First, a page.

Last night (on Wednesday, April 13th), I attended the Tenebrae prayer service at the Cathedral of the Holy Cross in Boston to enhance my prayer as I enter into the Triduum (Three Days). The Cardinal was there with maybe 125 people of prayer. The music was articulate and skillfully done and the whole tone of the proceedings was solemn and respectful.


As the prayer was finishing, I flipped to the back of the program to see the other services that are available during this week. I noticed that the Latin-rite mass is advertised for a weekly service. I began to wonder about the types of liturgy that Cardinal O’Malley experiences on a regular basis versus what the average Catholic experiences. 


It is easy to see how he would develop a different worldview than the majority of the people within his Archdiocese, and it is easy to see that his eyes might be pointed to Rome versus the people of Dorchester, Chelsea, Byfield, or Randolph. 


It lead me to thinking about our topic of conversation these past days on the flags and symbols that communicate something to the people. A symbol always reveals and hides at the same time. 


The flags that are flown at Nativity Worcester are in question by Bishop McManus, who no doubt has the same orientation to Rome that the high liturgies of Cardinal O’Malley represents.  If we are going to do something, we ought to do it well so that our efforts give glory to God. 


The question that arises for me is: Who gets to decide what a symbol represents? Who is the one who gets to interpret the meaning?


As I listened to you the other day, you had different interpretations for what the Black Lives Matter an LGBTQ flag represent. 


For some, the BLM flag represents a movement, a source of rioting and destruction, of a corrupt BLM leadership. For others, it represents dignity of the individual, and is statement to declare to the world: I’m here, I exist, and I want you to see me. My life matters. And then there are interpretations in between.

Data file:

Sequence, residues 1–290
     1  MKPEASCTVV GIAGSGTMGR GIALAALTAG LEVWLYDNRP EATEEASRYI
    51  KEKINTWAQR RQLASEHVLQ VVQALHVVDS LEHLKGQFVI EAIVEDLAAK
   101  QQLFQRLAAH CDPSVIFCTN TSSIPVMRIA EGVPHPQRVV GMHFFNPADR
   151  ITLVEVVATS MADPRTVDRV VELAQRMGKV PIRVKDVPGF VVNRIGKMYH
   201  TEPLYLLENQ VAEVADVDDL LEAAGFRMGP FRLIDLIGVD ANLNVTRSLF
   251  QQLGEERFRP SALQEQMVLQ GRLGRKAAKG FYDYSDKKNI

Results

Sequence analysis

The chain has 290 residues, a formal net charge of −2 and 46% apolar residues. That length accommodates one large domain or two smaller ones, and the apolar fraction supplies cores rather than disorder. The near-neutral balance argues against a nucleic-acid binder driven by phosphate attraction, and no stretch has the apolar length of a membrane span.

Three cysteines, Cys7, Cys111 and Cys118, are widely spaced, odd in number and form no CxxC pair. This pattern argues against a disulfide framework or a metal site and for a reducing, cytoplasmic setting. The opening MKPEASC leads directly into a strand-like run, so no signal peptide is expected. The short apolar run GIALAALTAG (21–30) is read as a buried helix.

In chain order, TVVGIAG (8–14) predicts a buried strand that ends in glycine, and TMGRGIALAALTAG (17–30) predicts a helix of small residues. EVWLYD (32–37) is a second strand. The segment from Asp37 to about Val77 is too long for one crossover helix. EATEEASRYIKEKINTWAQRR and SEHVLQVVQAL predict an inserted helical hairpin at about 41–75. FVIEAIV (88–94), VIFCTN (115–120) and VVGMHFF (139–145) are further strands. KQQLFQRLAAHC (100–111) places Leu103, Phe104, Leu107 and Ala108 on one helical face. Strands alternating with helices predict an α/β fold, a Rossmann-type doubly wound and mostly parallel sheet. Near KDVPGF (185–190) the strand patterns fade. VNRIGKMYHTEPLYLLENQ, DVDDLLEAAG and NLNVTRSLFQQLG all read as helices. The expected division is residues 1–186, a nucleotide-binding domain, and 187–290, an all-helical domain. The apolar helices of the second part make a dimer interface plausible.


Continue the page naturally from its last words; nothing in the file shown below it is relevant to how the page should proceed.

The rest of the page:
For some, the LGBTQ flag represents a promotion of gay marriage, promiscuity, sexual perversion, and a right for freedom of expression. For others, it represents a history of judgment and injustices done to a people because God made persons in a particular way, that life is hard and that one is no longer going to live in the shame that society imposes upon people who are different from them, and is a statement to declare to the world: I am your relative, friend, doctor, teacher, I’m here, I exist, and I want you to see me and the harm you have done to me. My life matters. And then there are the interpretations in between.


These flags point to ideologies, and as Catholics, we have to remove ideologies from our worldviews. The Spiritual Exercises are a good antidote to the development of ideologies. 

It is understandable that a bishop, when coming from a high liturgical practice whose orientation is directed to all things Roman, would want to make a statement about flags and symbols. It points us back to the Church to ask: What really is the teaching of the church? Where is it coherent and where it is incoherent?


I cannot imagine that someone waving a Gay Pride flag would primarily be thinking that they want the Catholic Church to hold sacramental same-sex marriages in their churches. If that is a bishop’s view, then how does he need to be enlightened? How does the LGBTQ community need to be sensitive to society’s struggle to accept them?


I cannot imagine that someone waving a BLM flag would primarily be advocating violence and destruction, and I cannot imagine the BLM protestors are pleased that their flag is associated with the violence that erupted on their watch. If that is a bishop’s view, then how does he need to be enlightened? How do people who wave the BLM flag need to be sensitive to society’s struggle to wrestle with these larger issues?


The danger we fall into is to see these symbols as ideologies and then to take sides. As a church, we are to find the greater good, the common good, and to seek understanding so we can achieve unity of minds and hearts. It is not easy, and yet we have a tool. We have the capacity to enter into dialogue, which is a long-term process, but one that will produce the fruit that is needed for God’s grace to be manifest. We might have to be the ones to be the adults in the room, but the goal is worth enduring the process.